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The life of Job in the structure of the Mass

Mass for Job composer Jeff Whitmill rehearses with the choirs of St. Philip the Deacon and St. Barnabas, both of Plymouth. Metro Lutheran photo: Bob Hulteen

The Mass for Job is not a typical “church” composition. “It is not intended to be sung at a worship service,” explained the Rev. Wayne Peterson, pastor at St. Barnabas Lutheran Church, Plymouth, Minnesota. “It might be better described as a theater piece, along the lines of Leonard Bernstein’s Mass.”

Jeff Whitmill, composer of the Mass and director of the St. Barnabas senior choir, takes the biblical story of Job and intertwines it with the traditional parts of the Roman Catholic Mass (the “Kyrie,” “Gloria,” “Credo,” “Sanctus,” “Agnus Dei” — plus one extra section, the “Libera Nos” or “Deliver us, Lord, from every evil, and give us peace in our day.”) Like the book of Job, the composition wrestles with the questions, “Why does evil exist?,” “Does God exist?,” and “If God does exist, does God care about humankind?”

“I wrote the original score for Mass for Job over 11 years, while working in three different congregations,” Whitmill explained. “I started at a country church in Indiana with a choir of five little old church ladies, all retired and all sopranos.” That piece was finished and performed in 2009. “But, in January 2011, I dreamed of re-writing the piece to be performed by a full choir and chamber orchestra.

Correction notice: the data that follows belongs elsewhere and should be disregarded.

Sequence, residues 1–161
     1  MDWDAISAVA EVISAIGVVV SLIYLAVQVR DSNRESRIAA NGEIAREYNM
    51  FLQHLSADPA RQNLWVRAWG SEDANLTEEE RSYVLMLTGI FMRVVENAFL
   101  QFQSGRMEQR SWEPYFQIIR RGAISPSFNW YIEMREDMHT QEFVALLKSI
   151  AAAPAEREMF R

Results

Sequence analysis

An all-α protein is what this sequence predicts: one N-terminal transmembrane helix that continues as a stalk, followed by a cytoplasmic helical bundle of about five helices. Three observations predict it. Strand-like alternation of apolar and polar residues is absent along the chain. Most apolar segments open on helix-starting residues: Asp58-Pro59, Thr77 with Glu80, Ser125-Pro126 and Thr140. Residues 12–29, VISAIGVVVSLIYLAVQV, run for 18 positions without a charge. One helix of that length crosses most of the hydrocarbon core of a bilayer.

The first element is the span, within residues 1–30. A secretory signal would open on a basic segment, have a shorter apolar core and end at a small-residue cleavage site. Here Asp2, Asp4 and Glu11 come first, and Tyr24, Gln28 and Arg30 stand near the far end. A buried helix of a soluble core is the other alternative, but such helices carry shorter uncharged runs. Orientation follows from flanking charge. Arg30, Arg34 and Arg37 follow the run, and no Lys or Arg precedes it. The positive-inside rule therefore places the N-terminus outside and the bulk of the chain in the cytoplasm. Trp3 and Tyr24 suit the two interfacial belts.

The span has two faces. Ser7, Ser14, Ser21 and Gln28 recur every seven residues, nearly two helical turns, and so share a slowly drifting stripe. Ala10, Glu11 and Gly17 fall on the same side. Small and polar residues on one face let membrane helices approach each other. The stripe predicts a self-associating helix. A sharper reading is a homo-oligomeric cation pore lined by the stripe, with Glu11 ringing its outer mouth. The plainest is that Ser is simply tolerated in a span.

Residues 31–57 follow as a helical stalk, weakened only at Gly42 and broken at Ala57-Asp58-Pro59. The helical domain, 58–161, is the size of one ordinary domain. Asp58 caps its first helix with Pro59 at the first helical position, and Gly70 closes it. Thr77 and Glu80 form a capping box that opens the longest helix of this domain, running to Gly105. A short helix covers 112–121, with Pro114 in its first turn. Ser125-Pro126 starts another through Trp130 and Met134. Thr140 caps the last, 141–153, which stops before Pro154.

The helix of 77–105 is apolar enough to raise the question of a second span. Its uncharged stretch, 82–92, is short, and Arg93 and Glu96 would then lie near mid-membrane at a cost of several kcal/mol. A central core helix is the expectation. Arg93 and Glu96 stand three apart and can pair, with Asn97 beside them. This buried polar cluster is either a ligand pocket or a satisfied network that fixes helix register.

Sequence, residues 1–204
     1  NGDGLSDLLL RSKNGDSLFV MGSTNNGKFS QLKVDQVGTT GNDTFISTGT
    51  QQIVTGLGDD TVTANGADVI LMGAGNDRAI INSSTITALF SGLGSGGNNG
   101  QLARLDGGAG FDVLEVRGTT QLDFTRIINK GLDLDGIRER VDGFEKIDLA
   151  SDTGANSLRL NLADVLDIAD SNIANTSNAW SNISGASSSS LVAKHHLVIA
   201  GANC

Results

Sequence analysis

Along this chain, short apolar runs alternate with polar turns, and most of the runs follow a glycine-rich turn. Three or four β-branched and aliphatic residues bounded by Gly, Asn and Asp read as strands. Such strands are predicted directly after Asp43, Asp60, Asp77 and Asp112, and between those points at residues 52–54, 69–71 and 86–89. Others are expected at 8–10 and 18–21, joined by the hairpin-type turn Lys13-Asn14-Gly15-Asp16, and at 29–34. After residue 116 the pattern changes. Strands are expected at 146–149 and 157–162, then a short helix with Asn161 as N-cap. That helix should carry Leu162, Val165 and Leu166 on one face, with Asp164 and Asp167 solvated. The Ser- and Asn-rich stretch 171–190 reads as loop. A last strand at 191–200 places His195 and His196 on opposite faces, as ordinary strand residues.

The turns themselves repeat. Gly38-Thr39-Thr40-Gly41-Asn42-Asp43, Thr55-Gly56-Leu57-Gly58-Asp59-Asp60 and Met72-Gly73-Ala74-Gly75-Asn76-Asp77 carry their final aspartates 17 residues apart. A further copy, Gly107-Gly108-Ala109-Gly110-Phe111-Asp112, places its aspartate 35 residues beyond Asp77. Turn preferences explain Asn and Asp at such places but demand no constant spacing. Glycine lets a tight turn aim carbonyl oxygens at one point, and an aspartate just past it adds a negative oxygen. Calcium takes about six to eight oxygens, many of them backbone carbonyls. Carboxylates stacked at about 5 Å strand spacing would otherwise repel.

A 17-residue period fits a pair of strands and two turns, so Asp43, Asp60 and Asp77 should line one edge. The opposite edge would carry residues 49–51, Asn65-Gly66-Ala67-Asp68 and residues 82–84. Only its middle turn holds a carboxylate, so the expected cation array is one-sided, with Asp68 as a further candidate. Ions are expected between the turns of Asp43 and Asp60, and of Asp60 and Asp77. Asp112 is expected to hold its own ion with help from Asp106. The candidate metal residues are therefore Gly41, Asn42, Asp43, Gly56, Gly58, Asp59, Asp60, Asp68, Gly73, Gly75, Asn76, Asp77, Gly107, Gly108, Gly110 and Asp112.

“Job’s issue is isolation,” explained Whitmill. “He feels alone, out of relationship with God. He is dealing with the issue of causation: ‘If I am good, why are bad things happening to me?’”

The libretto restates the biblical story of Job thusly:

Job’s life is going well, his faith in God is strong. When problems and disaster strike, he begins to doubt. His doubt turns to anger and he demands God to give an account for the pain and evil in the world. God responds out of the whirlwind, telling Job he has no standing to judge God. Job repents and acknowledges his inability to understand the mystery of God. He concludes with a quote from the biblical Job: “I have spoken of things I did not understand, things too wonderful, too wonderful for me to know. I knew of you then only by report, but now my eyes see you, and I repent in dust and ashes.”
Job 42:3-6

Peterson said, “One of my favorite parts of the Mass is in the “Credo,” where the choir has just stated the first half of the Nicene Creed.” In Whitmill’s score, Job responds:

I believe in one God, the Almighty Father, more often than not.
Sure, I know we should always believe, but why bother?
Can you say for what?
Yes, he made the mountains and rivers, the oceans and the shore.
And they say he always delivers, and who could ask for more?
But if he made the mountains, the rivers and the sea,
Where’s the sense in the conclusion that he has time for me?
Still, I pray in the hope that tomorrow will find me a little relief.
And I hope, in that spirit you really won’t mind me, or my unbelief.

Although the Biblical story is set in ancient Israel, Mass of Job has a more modern setting. The “tropes” (responses) sung by Job (tenor Dieter Bierbrauer) contain allusions to 9/11, the 2005 tsunami, and the debate over the use of torture.

The choirs of St. Barnabas and St. Philip the Deacon will be joined by several individuals from local theater groups in the presentation. The April 29 performance of Mass for Job will be held at 3:00 p.m. at St. Philip the Deacon Lutheran Church, 17205 County Road 6, in Plymouth. For more information, visit www.stbarnabas lutheran.org.

—Bob Hulteen

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